Friday, August 28, 2015

Jason talks The Shelter

Regular readers know the connection Shawn and I have to our bro John Fallon and his directorial debut The Shelter. We've been mad supporters of the flick since it went into development and I, for a time, was going to work the shoot in New Orleans before life got in the way.

Stupid life!

But the show went on, Shawn was recruited to provide the score, and the flick completed. I've seen The Shelter a couple of times, but never provided an official review here in The Basement. Although not technically in the review business anymore, I figured I'd celebrate The Shelter's debut at London's Frightfest by (finally) putting a few words down.

Last year, on my Facebook profile, I called The Shelter a winner. Not a straight-up horror flick, but not a straight-up art film. "It's something in-between, and hauntingly beautiful." And I stick by that praise to this day. Once you've seen it, The Shelter is a hard film to forget. It's deep in emotion and angst and human suffering, but also carries with it a sense of hope, albeit a razor thin one.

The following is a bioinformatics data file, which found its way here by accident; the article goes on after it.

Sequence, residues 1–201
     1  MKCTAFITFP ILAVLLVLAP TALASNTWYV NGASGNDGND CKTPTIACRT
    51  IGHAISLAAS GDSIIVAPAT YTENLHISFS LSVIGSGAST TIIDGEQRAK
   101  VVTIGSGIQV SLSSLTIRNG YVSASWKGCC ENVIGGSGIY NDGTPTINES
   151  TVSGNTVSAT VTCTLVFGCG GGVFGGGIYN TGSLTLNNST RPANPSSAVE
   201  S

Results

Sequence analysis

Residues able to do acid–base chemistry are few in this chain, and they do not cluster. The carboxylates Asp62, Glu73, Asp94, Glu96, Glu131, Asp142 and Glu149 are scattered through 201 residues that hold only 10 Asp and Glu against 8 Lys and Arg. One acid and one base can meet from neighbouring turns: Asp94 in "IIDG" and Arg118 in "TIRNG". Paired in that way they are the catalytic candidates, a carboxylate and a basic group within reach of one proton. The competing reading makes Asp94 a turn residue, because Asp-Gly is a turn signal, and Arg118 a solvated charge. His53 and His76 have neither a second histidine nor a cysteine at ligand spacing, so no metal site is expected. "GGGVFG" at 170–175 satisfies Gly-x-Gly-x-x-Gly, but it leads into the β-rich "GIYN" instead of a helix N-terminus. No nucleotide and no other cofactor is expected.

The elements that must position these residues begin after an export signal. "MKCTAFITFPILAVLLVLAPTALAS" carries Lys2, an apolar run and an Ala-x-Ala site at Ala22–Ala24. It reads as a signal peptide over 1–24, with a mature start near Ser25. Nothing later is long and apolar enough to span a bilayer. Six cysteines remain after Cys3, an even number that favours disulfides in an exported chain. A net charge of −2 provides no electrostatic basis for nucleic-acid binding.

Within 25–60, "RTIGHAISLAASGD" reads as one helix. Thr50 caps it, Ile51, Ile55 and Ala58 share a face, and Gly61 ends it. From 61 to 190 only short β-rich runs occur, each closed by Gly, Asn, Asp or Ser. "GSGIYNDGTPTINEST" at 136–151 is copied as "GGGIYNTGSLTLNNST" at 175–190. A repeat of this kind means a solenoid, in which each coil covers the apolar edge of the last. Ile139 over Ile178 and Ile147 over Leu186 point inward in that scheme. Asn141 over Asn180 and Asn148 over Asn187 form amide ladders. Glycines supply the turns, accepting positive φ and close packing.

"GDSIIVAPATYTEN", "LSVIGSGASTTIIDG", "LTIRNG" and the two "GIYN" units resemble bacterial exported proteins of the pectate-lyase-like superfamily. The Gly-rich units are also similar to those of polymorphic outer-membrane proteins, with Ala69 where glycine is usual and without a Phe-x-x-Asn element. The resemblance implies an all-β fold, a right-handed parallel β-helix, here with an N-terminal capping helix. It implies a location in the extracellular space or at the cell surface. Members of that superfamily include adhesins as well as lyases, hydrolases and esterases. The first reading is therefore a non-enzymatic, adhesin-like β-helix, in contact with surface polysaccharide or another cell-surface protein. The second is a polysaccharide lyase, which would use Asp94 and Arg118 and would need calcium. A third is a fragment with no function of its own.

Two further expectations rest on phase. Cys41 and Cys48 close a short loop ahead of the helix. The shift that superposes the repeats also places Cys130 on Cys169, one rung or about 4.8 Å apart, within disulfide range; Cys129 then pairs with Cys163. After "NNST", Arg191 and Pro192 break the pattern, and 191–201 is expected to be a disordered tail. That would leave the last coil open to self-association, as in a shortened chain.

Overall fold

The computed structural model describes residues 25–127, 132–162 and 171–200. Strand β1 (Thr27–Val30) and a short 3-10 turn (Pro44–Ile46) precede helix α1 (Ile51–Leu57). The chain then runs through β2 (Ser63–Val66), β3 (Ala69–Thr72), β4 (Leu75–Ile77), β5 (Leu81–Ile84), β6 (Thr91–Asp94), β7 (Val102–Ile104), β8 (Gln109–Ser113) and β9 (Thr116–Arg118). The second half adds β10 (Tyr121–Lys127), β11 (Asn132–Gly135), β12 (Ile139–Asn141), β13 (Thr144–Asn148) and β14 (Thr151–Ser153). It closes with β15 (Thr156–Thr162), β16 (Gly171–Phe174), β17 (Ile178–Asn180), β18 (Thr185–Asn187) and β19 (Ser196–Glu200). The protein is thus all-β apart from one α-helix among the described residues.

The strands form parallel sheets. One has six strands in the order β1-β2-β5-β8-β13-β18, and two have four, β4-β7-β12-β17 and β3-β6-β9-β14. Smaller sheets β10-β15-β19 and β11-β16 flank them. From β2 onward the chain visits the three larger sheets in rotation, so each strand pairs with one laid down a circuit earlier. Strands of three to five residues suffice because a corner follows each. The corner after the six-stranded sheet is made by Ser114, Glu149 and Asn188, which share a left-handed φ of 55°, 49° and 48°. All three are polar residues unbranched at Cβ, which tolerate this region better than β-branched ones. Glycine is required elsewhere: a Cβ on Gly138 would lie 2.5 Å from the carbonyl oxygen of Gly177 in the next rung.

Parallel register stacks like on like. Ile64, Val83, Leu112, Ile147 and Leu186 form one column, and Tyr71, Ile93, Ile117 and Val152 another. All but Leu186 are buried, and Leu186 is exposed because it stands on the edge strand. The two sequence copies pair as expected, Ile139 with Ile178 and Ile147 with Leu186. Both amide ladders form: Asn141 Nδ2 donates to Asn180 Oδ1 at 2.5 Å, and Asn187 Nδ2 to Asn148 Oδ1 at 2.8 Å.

The flick's success rests on the shoulder of two men - star Michael Pare and writer/director John Fallon. This is Pare's one-man show, and he just kills it. I can't remember the last time he's been this good. The guy digs deep into his soul to pull out a performance that lays bare every human emotion. I'm not quite sure where he went and what he did to be so raw, but my hats off to you sir.

As for Fallon, the brother knows how to make a fuckin' movie. John's been in the film industry for more than a decade, and he's clearly absorbed the filmmaking process like a sponge. This is an accomplished piece of writing and directing, delivered with the skill of a professional. Although John's debut feature, it feels like he's been doing this forever. The Shelter is a low-budget flick that looks like it was made with a lot more dough behind it. Great work, amigo!

The Shelter isn't a feel good movie. But it's got a lot to say about the human condition and our place in the world. It's dark with a little light shining through the cracks. I hope it's just the first great film we see from a man with a (knock on wood) long career in the director's chair ahead of him.

PS: Shawn's score is pretty fucking good too ;)

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